Manchester’s week in science: 1st-7th February.

Graphine and a flexible future for technology:

800px-GraphenA future of flexible electronics may be just around the corner, as researchers from the Universities of Manchester and Sheffield combine forces to show that 2D ‘designer materials’ can be customised to create flexible, see through and more efficient electronic devices.

The research group, lead by Nobel Laureate Sir Kostya Novoselov, showed that graphine and related 2D materials can be manipulated to create light emitting tech for the next generation of mobile phones, tablets and televisions.

This amazing technology sees researchers stacking layers of 2D materials (such as graphine, boron nitride and molybdenum disulphide) into thin flexible sheets called heterostructures. These sheets can be 10-40 atoms thick and, with the introduction of quantum wells to control movement of electrons, can emit light across their whole surface. Explaining the creation of the LED device Sir Kostya Novoselov said: “By preparing the heterostructures on elastic and transparent substrates, we show that they can provide the basis for flexible and semi-transparent electronics.”

Freddie Withers, Royal Academy of Engineering Research Fellow at The University of Manchester, who led the production of the devices, said: “As our new type of LED’s only consist of a few atomic layers of 2D materials they are flexible and transparent. We envisage a new generation of optoelectronic devices to stem from this work, from simple transparent lighting and lasers and to more complex applications.”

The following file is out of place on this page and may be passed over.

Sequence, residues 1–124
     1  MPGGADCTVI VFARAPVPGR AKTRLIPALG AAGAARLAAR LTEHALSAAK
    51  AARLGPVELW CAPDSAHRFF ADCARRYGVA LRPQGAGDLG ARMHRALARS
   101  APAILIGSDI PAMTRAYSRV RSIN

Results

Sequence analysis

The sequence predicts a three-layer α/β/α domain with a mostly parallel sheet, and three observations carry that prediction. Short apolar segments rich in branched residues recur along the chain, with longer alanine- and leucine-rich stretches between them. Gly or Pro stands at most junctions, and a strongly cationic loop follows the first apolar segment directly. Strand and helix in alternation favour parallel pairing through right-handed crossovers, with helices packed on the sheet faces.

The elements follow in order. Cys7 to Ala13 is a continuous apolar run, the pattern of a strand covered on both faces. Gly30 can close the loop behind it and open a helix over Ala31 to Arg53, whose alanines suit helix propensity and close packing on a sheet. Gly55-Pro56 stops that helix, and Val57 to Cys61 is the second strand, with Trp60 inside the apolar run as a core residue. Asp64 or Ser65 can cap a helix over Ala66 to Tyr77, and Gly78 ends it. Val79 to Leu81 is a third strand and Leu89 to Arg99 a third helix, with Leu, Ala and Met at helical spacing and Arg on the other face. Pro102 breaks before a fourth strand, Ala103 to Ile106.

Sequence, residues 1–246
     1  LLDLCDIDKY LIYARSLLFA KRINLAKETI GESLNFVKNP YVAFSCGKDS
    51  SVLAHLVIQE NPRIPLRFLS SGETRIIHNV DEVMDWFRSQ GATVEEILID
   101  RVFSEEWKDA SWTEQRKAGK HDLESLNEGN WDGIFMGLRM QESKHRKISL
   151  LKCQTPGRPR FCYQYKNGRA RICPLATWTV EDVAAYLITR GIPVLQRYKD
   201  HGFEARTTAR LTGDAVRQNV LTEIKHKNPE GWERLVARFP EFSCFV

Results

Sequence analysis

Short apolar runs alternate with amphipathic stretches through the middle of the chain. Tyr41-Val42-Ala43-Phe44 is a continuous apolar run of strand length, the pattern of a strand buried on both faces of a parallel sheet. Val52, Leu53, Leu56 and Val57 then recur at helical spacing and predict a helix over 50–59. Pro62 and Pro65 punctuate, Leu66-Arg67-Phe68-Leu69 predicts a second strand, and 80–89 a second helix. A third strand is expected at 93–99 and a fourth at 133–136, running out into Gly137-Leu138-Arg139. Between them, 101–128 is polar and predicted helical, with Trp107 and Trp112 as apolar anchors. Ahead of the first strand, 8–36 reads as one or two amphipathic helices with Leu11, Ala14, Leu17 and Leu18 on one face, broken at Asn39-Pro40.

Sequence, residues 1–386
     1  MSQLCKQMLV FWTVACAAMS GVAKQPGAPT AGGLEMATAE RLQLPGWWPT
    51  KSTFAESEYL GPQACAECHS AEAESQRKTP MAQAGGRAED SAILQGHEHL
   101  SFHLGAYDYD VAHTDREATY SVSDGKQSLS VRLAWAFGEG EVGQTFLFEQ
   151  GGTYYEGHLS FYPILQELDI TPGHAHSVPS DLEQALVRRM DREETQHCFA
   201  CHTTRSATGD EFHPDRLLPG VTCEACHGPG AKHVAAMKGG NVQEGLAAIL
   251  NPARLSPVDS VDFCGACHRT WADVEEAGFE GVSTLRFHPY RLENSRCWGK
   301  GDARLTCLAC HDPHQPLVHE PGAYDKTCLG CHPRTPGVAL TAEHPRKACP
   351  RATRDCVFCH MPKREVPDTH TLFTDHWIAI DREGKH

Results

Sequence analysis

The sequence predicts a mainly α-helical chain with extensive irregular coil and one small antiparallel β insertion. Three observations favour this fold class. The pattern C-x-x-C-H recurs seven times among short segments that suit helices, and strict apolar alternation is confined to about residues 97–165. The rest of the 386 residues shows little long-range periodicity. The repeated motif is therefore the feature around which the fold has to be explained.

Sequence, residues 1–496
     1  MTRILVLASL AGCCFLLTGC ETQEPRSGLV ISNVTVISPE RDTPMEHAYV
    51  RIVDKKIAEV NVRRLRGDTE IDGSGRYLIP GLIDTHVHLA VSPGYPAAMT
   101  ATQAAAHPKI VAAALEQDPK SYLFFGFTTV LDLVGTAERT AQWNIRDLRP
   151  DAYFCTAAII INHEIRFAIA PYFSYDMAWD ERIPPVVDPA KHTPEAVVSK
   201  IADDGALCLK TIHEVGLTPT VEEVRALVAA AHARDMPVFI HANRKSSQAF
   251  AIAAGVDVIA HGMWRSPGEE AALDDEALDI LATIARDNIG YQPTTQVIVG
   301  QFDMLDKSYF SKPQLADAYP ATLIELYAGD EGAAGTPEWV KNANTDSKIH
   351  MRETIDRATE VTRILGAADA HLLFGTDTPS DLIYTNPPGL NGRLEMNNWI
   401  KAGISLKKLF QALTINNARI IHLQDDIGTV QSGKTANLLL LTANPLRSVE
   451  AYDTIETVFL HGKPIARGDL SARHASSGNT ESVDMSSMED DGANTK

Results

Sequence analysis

This work, published in the scientific journal Nature Materials, may be set to revolutionise the future of electronic technology.

Hope for better implantation rates in IVF patients:

Sucking_his_thumb_and_wavingFor many couples with fertility problems IVF may be the last hope when it comes to starting a family. Unfortunately, despite a wealth of success stories, IVF embryos only have around a 25% chance of developing to term – predominantly due to high rates of failure when embryos attempt to implant into the uterine wall. Novel research from the University of Manchester is now exploring embryonic implantation and findings suggest that this work may lead to increased IVF success rates.

Altered levels of microRNA have been found in the endometrium (uterine lining) of women who are prone to IVF implantation failures. One microRNA (microRNA-145) and its target receptor (Insulin-like growth factor – IGF1R), are now causing a stir, as studies reveal a previously unknown role for this microRNA and its receptor in the embryonic attachment process.

Professor John Aplin, who led the study said: “When an embryo is ready for implantation, its replacement is carefully timed to coincide with the window of maximal receptivity in the uterus.

“This window is open for no more than four days.  Our study suggests that the presence of IGF1R during this period is required for the embryo to stick to the uterus.”